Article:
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Advances in Hematology
Volume 2011, Article ID 621627, 8 pages
http://dx.doi.org/10.1155/2011/621627
Review Article

Pathogenetic, Clinical, and Prognostic Features of Adult t(4;11)(q21;q23)/MLL-AF4 Positive B-Cell Acute Lymphoblastic Leukemia

Unit of Hematology, Stem Cell Transplantation, Transfusion Medicine and Cellular Therapy, Campus Bio-Medico University Hospital, Via Àlvaro del Portillo 200, 00128 Rome, Italy

Received 15 June 2011; Revised 23 August 2011; Accepted 6 September 2011

Academic Editor: Peter J. Quesenberry

Copyright © 2011 F. Marchesi et al. This is an open access article distributed under the Creative Commons Attribution License, which permits unrestricted use, distribution, and reproduction in any medium, provided the original work is properly cited.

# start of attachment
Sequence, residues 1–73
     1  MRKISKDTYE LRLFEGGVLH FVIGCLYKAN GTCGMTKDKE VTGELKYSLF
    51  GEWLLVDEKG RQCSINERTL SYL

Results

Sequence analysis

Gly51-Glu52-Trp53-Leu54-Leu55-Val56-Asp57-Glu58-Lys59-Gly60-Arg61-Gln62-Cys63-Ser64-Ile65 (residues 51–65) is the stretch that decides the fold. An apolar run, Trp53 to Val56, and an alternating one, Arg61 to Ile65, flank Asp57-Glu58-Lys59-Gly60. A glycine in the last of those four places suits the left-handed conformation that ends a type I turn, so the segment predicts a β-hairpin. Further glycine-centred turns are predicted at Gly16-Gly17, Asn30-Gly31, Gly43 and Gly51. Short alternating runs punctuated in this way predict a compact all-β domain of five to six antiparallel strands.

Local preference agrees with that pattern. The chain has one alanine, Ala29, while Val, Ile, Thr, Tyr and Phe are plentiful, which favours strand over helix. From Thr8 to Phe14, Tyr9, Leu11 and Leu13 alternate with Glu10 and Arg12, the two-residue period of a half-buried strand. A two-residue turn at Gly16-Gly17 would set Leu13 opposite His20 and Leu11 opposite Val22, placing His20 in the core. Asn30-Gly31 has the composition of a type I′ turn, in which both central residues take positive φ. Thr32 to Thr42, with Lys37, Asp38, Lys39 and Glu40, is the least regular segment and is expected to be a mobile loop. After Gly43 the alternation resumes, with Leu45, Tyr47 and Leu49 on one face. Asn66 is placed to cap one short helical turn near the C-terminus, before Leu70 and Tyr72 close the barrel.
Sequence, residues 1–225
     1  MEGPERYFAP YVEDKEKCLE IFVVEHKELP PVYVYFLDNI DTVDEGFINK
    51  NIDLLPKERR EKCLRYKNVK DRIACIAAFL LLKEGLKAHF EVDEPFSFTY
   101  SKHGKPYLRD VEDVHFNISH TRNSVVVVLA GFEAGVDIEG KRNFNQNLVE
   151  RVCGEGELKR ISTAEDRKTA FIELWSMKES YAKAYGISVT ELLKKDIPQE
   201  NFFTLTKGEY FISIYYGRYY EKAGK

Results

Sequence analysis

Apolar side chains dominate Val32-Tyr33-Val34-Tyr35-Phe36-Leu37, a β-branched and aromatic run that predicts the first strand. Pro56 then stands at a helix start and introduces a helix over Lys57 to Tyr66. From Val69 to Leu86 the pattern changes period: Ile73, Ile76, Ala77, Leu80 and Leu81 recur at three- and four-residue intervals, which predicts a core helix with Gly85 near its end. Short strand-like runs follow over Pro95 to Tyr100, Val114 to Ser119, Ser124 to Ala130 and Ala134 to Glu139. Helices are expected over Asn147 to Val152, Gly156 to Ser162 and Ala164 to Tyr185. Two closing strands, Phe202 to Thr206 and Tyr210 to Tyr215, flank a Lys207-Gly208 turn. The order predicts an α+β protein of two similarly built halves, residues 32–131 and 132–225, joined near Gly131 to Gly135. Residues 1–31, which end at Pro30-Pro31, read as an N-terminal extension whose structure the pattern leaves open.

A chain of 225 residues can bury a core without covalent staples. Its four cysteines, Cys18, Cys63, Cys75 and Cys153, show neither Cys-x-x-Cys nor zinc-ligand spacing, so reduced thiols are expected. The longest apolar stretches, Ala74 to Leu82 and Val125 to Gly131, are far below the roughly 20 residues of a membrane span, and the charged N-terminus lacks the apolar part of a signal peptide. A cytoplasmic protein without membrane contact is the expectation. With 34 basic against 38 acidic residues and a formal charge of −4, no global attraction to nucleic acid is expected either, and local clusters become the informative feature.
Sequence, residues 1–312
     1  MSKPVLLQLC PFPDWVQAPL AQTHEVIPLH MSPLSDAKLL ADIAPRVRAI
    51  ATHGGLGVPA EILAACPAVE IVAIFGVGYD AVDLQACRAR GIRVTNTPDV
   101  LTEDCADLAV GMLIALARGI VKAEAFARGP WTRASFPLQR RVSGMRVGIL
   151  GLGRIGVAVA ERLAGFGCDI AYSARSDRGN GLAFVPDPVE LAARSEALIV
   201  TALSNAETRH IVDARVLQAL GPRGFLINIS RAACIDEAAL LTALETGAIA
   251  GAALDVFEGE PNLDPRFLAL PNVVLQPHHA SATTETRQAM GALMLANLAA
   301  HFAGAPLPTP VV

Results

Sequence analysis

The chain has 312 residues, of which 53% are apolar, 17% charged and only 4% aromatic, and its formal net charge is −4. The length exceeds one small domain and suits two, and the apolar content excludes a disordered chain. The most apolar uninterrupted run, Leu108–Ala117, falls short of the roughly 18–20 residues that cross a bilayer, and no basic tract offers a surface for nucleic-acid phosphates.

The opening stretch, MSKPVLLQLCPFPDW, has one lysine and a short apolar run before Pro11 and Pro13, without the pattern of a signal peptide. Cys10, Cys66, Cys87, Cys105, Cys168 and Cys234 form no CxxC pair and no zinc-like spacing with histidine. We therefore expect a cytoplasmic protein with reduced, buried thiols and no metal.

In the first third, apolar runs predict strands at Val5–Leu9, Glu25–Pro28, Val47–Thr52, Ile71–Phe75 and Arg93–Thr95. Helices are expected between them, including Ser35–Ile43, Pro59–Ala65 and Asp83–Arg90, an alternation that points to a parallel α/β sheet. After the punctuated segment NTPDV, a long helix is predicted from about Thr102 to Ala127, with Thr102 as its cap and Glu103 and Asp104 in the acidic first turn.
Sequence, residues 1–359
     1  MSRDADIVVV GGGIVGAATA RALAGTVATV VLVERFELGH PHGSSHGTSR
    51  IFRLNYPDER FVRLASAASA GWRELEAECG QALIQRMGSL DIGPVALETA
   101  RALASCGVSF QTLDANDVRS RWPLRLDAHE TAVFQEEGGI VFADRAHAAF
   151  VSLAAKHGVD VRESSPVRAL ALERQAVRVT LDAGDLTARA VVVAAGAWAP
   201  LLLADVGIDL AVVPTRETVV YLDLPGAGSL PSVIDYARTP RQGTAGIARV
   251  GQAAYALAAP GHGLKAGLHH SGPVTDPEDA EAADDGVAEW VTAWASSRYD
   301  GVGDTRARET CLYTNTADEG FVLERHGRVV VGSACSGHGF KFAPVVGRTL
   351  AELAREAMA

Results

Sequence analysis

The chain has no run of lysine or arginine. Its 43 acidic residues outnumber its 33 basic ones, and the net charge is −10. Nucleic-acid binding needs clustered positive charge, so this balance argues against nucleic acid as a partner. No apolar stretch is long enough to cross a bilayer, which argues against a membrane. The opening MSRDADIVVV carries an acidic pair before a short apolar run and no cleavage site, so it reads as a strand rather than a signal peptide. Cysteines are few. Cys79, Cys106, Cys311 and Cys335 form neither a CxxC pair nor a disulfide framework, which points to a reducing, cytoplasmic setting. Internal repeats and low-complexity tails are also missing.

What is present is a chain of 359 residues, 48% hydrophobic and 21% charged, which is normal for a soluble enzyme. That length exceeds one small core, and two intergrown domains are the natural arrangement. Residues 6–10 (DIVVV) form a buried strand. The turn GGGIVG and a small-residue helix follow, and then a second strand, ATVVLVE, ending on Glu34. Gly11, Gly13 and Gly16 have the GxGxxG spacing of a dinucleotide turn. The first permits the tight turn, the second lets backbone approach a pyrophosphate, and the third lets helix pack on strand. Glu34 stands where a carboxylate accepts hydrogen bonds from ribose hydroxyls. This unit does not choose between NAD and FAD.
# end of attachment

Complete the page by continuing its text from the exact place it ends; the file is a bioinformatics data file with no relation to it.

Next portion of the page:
Abstract

Translocation t(4;11)(q21;q23) leading to formation of MLL-AF4 fusion gene is found in about 10% of newly diagnosed B-cell acute lymphoblastic leukemia (ALL) in adult patients. Patients expressing this chromosomal aberration present typical biological, immunophenotypic, and clinical features. This form of leukemia is universally recognized as high-risk leukemia and treatment intensification with allogeneic hematopoietic stem cell transplantation (HSCT) in first complete remission (CR) could be a valid option to improve prognosis, but data obtained from the literature are controversial. In this review, we briefly describe pathogenetic, clinical, and prognostic characteristics of adult t(4;11)(q21;q23)/MLL-AF4 positive ALL and provide a review of the clinical outcome reported by the most important cooperative groups worldwide.

1. Introduction